*Booker, Robert. Differences between applicants and non-applicants relevant to the decision to apply to study abroad. Diss. University of Missouri-Columbia, 2001. Print GLOSSARI, the Georgia Learning Outcomes of Students Studying Abroad Research Initiative
Based on a decade of data, the GLOSSARI(2) report finds that students completing study abroad programs show:
- Improved academic performance in subsequent terms
- Higher graduation rates
- Improves academic performance for at-risk students
- Better navigational skills & knowledge of cultural context
- Earn credits toward their degree
- Experience different learning environments / develop new study habits to accommodate
- Study in programs that may be currently be unavailable to them
Personal and Professional Benefits:
- Expands worldview and develops cultural awareness
- Empowers students to better understand themselves and discover skills they never knew they had
- Make connections and friends around the world
- Understand and appreciate differences
- Develop leadership skills
Booker, Robert. Differences between applicants and non-applicants relevant to the decision to apply to study abroad. Diss. University of Missouri-Columbia, 2001. Print GLOSSARI, the Georgia Learning Outcomes of Students Studying Abroad Research Initiative
Would you like us to visit your class? Email the following information to email@example.com:
Day and date of request(s):
Any special requests (e.g. we can focus the presentation on a specific major or country/region, provide specific country brochures, etc.):
“I never thought that I would be able to study abroad based upon my major, nursing. After sitting down and talking to my nursing advisor and a study abroad advisor we determined that I would be able to study abroad … Every day I participated in [extra] classes because I wanted to take advantage of every opportunity that I had in Costa Rica.” – Brianne Butler, Nursing Major, Spanish Minor
“I am a visual learner so I loved learning about the rich history of London during the walks we took around the city rather than just sitting in class for three hours.” – Paul Salley, Communications Major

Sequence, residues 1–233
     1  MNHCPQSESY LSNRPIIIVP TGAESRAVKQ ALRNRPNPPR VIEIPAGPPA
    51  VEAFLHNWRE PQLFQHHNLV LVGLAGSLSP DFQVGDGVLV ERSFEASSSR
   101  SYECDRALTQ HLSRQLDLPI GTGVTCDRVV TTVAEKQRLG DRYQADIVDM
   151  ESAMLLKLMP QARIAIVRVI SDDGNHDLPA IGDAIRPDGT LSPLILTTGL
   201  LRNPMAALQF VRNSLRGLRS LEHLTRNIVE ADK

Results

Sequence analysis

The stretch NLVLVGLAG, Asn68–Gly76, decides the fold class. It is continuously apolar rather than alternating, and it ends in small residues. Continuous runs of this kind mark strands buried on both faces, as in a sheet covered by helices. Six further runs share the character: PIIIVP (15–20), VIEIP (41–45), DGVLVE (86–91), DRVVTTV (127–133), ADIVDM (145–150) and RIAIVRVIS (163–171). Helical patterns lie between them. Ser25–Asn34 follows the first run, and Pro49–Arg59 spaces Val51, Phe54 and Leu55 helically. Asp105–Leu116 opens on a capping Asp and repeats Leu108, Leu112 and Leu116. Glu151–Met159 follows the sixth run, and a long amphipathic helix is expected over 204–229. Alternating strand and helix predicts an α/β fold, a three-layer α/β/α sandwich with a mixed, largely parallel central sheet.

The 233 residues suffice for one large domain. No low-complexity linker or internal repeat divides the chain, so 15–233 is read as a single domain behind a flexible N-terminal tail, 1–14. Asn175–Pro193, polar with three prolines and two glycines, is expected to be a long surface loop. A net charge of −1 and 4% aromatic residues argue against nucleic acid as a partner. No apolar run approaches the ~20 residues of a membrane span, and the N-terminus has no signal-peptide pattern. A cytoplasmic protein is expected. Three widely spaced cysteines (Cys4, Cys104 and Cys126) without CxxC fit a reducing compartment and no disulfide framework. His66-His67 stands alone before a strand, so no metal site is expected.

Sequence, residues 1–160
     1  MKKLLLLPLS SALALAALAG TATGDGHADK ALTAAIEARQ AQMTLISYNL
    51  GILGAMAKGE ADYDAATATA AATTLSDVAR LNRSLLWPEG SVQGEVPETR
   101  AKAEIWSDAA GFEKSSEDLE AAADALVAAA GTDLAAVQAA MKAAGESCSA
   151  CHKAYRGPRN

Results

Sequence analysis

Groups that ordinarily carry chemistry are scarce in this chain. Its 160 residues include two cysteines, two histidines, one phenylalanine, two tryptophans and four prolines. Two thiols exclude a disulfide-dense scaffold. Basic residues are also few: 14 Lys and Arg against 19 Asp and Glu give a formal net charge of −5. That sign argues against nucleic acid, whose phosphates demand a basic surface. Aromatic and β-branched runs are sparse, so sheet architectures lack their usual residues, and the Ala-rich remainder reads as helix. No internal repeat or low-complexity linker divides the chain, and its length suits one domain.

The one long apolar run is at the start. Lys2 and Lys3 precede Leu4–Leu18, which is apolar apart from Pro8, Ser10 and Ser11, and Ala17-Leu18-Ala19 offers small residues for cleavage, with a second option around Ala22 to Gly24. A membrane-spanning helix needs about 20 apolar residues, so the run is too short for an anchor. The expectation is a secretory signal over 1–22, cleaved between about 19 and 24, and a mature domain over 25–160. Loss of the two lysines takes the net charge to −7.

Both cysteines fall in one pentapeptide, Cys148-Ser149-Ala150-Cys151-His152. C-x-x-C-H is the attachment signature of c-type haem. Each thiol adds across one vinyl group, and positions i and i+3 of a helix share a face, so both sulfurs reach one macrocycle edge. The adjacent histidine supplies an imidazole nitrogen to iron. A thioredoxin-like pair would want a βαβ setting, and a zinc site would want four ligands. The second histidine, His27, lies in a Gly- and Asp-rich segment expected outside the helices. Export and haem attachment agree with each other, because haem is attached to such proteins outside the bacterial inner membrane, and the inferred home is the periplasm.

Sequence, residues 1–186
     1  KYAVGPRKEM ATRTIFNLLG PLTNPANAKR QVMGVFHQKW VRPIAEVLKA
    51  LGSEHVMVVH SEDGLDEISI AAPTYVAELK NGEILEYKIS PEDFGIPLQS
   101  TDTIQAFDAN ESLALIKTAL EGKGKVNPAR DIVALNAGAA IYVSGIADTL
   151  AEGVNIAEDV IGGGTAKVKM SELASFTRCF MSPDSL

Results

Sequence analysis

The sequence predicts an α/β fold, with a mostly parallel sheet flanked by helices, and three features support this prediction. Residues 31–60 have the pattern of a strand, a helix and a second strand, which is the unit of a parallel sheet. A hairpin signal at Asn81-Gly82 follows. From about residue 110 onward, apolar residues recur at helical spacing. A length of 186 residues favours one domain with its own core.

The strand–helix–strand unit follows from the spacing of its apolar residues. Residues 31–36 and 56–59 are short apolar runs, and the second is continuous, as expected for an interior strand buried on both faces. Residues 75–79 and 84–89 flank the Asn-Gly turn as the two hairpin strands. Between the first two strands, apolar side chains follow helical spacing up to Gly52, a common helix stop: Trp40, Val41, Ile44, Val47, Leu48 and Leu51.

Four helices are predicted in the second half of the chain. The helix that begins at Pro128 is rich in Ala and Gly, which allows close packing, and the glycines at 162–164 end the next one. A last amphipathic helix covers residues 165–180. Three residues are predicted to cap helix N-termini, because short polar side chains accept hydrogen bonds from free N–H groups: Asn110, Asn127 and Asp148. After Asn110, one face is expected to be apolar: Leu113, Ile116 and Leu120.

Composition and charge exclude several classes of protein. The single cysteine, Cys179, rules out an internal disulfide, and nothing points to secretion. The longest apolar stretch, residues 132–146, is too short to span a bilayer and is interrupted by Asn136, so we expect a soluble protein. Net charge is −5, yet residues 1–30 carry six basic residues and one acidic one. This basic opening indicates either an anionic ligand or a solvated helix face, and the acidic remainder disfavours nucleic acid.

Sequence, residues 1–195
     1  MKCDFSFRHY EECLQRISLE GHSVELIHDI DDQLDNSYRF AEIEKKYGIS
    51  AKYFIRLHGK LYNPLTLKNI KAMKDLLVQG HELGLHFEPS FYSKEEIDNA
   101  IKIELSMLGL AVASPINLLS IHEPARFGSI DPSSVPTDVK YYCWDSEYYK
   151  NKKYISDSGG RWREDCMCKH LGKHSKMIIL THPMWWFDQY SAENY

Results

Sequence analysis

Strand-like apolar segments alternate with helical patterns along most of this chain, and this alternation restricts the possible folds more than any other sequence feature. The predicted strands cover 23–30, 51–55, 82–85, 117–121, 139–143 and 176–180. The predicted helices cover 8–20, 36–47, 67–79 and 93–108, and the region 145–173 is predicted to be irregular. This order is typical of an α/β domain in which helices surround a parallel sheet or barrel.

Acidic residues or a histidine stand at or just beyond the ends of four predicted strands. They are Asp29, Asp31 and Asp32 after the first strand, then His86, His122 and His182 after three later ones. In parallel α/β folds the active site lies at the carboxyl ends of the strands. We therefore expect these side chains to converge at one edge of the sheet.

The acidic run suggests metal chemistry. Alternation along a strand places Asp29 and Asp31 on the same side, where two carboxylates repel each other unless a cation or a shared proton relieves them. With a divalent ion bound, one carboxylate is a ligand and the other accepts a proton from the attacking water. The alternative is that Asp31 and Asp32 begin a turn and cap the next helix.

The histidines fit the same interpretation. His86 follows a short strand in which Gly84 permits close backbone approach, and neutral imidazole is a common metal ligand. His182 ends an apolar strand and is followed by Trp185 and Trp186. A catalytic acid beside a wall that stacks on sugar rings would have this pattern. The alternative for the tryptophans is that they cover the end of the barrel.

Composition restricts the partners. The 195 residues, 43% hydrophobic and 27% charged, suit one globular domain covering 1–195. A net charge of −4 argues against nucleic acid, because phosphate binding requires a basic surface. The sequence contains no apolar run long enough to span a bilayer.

“All in all, it was a great experience studying in a different environment and culture. It is also very important for me to work with different people. It broadened my network and will for sure help me in my future career.” – Liwei Bai, Accounting major
Faculty, advisors, and staff play an important role in internationalizing the campus by supporting student’s efforts to study abroad and leading faculty-led study abroad programs, among other ways.
The first step towards being global citizens is becoming aware of and educated about countries and cultures outside of the United States. One of the best and most practical ways for students to do this is by studying abroad! And you, as a professor or staff member, are the first to come in contact with interested students. By encouraging students to explore their global opportunities through study abroad you are aiding in the effort to create a more globalized world. Here in the Study Abroad office at UMSL we continually strive to find the best fit for students who wish to study abroad so that they can not only expand their horizons on a cultural level, but so that they can benefit and learn from their experiences.
According to one study(1), the most important factors in a student’s decision to follow through with a study abroad application application were:
- Perception of encouragement from advisors and professors (stronger than the influence of family and friends).
- Knowing how credits apply toward a degree (and thus finances by extending or reducing a term).